Laughing WITH – not AT – National Grammar Day, USA

Although we in the non-USA regions of the English-speaking world may be festering in our glottal-stops and other abuse of the English language, today – March 4th – is National Grammar Day in the USA. Now before English-traditionalist Brits start throwing the toys out of their prams, remember that whether Brits like it or not the Yanks have kinda commandeered English to use for themselves.

Laughing WITH - not AT - National Grammar Day, USA

And it really is time you took another look at the lunacy of the Boston Tea Party and got over it, while we Canadians sit on our snowbanks and smirk while freezing off various parts of our lower bodies…

So, let’s celebrate National Grammar Day with our fellow English speakers in the USA!

According to Wikipedia, National Grammar Day is observed in the United States on March 4. Designated in 2008, the National Grammar Day was established by Martha Brockenbrough, author of “Things That Make Us [Sic]” (2008) and founder of the Society for the Promotion of Good Grammar.

And according to a colleague of mine, Maryland-based John E. McIntyre writing recently in The Baltimore Sun … to commemorate it appropriately, you may want to prepare yourself:

Item: Among the many species of error, typographical errors are minor fauna. Going online to trumpet that you have spotted someone’s typo is rather like the contestants in Monty Python’s Upper-Class Twit of the Year competition firing shotguns at rabbits that have been staked out.

Item: Before you opine publicly on some rule of grammar, take a moment to check “The Peeververein Canon” to make sure that you are not, in fact, endorsing a superstition, shibboleth, zombie rule, or empty crotchet.

Item: If you take grammar and usage seriously, National Grammar Day is a good time to inform yourself more fully by having a look-see at Stan Carey’s posts at Macmillan Dictionary Blog, Jonathon Owen’s Arrant Pedantry blog, and Tom Freeman’s Stroppy Editor posts, among others. (Each has links to other sites.)

Item: Always, always, always keep in mind Murphy’s Law: “If you write anything criticizing editing or proofreading, there will be a fault of some kind in what you have written.”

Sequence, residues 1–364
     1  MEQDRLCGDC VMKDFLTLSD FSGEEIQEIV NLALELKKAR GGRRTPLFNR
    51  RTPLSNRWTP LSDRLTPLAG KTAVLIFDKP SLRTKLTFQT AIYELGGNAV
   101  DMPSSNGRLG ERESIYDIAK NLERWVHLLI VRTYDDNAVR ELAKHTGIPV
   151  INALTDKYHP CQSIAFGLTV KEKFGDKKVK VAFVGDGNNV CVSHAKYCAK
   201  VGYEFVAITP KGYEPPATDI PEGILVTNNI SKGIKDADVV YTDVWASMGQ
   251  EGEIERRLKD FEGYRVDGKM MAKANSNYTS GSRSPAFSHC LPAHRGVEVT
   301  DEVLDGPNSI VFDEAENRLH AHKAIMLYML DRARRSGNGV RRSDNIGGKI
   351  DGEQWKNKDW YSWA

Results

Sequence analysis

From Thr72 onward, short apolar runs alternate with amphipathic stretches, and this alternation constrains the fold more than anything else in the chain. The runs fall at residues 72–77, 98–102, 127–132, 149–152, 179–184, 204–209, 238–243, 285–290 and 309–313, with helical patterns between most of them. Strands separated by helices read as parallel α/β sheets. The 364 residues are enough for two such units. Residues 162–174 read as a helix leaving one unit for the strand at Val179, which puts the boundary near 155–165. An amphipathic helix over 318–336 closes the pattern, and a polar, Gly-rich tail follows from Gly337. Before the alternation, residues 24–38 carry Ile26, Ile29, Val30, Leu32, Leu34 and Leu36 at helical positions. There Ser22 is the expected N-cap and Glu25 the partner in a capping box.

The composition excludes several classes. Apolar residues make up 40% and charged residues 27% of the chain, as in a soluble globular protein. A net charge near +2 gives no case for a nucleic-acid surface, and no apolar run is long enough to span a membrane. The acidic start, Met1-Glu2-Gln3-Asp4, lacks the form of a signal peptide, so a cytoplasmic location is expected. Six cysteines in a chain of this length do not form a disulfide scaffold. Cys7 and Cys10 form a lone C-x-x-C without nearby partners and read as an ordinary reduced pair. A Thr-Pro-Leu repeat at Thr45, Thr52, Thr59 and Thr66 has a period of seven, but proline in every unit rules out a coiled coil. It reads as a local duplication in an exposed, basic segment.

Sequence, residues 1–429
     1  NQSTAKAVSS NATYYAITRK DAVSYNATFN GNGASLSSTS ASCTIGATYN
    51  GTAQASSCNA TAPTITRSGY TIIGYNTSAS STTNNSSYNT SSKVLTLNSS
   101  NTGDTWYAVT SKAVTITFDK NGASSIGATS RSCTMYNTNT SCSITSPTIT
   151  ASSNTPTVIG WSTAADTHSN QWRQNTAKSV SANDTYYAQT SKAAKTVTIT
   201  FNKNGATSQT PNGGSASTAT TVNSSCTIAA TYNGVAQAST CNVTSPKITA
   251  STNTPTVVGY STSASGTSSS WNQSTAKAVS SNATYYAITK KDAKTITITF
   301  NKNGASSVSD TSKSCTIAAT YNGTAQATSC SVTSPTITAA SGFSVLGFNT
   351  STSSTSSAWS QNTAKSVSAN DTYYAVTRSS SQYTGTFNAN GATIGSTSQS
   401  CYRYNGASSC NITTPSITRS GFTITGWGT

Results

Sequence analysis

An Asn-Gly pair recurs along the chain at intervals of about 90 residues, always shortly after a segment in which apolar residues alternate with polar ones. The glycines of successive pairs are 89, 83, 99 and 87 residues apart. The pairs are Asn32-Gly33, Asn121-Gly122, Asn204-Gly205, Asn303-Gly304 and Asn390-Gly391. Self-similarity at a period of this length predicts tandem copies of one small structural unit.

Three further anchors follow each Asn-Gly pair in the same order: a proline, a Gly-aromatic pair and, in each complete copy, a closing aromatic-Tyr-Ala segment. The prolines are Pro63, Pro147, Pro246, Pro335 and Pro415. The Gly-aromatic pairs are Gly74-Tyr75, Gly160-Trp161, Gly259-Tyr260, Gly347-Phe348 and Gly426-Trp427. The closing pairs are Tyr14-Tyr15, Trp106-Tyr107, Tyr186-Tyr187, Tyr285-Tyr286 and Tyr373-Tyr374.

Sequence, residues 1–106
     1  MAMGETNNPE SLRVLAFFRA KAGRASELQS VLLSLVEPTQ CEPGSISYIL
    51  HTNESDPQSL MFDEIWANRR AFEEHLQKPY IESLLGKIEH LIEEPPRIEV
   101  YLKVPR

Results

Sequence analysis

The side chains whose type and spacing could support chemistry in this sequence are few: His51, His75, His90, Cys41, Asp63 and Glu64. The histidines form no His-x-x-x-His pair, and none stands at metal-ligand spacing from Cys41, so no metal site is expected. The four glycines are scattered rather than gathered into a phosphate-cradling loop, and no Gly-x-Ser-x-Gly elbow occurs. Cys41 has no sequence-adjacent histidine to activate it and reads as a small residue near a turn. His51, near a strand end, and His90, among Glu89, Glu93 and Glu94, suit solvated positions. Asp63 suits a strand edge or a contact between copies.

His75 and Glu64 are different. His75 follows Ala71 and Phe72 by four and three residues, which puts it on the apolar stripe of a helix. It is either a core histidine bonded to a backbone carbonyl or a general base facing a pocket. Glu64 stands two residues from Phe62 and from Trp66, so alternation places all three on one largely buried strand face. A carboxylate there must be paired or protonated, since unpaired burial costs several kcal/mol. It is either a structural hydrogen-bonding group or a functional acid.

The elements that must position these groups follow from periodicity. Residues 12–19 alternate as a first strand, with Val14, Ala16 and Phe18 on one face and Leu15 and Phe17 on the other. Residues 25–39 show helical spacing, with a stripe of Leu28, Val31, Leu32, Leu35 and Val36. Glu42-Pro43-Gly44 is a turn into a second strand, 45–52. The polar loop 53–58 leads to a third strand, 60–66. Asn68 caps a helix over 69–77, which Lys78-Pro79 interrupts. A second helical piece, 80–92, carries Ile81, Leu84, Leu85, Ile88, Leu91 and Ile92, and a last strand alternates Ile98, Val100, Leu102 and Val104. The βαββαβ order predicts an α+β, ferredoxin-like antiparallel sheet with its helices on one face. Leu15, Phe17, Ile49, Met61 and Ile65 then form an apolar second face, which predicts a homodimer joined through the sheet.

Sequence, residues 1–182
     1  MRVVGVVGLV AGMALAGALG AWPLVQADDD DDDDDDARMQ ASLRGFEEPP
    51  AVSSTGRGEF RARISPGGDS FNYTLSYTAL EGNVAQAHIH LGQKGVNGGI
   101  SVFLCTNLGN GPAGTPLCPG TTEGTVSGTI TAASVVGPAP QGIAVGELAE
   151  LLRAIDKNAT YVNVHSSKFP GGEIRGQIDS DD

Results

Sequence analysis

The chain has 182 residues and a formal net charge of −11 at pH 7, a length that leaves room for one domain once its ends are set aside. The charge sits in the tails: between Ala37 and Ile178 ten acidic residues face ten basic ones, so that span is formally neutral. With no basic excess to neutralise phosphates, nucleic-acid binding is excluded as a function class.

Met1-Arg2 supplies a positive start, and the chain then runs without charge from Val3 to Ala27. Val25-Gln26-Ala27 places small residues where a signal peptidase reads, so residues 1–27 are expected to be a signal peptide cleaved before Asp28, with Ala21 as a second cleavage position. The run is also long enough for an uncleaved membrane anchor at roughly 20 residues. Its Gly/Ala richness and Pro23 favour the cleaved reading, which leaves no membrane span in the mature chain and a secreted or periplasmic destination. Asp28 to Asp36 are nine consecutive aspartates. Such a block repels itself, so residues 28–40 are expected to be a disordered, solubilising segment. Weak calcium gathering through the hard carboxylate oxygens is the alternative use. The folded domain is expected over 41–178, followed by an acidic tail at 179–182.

Item: Take to heart what H.L. Mencken wrote in The American Language: “The error of … viewers with alarm is in assuming that there is enough magic in pedagogy to teach ‘correct’ English to the plain people. There is, in fact, too little; even the fearsome abracadabra of Teachers College, Columbia, will never suffice for the purpose. The plain people will always make their own language, and the best that grammarians can do is to follow after it, haltingly, and often without much insight. Their lives would be more comfortable if they ceased to repine over it, and instead gave it some hard study. It is very amusing, and not a little instructive.”

Laughing WITH - not AT - national grammar day usa

And what key lessons can we learn from National Grammar Day in the USA?

You might find some of these points helpful…

  1. Verbs HAS to agree with their subjects.
  2. Prepositions are not words to end sentences with.
  3. And don’t start a sentence with a conjunction.
  4. It is wrong to ever split an infinitive.
  5. Avoid clichés like the plague. (They’re old hat)
  6. Also, always avoid annoying alliteration.
  7. Be more or less specific.
  8. Parenthetical remarks (however relevant) are (usually) unnecessary.
  9. Also too, never, ever use repetitive redundancies.
  10. No sentence fragments.
  11. Contractions aren’t necessary and shouldn’t be used.
  12. Foreign words and phrases are not apropos.
  13. Do not be redundant; do not use more words than necessary; it’s highly superfluous.
  14. One should NEVER generalize.
  15. Comparisons are as bad as clichés.
  16. Eschew ampersands & abbreviations, etc.
  17. One-word sentences? Eliminate.
  18. Analogies in writing are like feathers on a snake.
  19. The passive voice is to be ignored.
  20. Eliminate commas, that are, not necessary. Parenthetical words however should be enclosed in commas.
  21. Never use a big word when a diminutive one would suffice.
  22. Use words correctly, irregardless of how others use them.
  23. Understatement is always the absolute best way to put forth earth shaking ideas.
  24. Eliminate quotations. As Ralph Waldo Emerson said, “I hate quotations. Tell me what you know.”
  25. If you’ve heard it once, you’ve heard it a thousand times: Resist hyperbole; not one writer in a million can use it  correctly.
  26. Puns are for children, not groan readers.
  27. Go around the barn at high noon to avoid colloquialisms.
  28. Even IF a mixed metaphor sings, it should be derailed.
  29. Who needs rhetorical questions?
  30. Exaggeration is a billion times worse than understatement.
  31. Proofread carefully to see if you any words out

What would you like to add to our US National Grammar Day deliberations?

Please share…

Image 1 thanks to Dump-A-Day

Image 2 thanks to Art-of-Destruction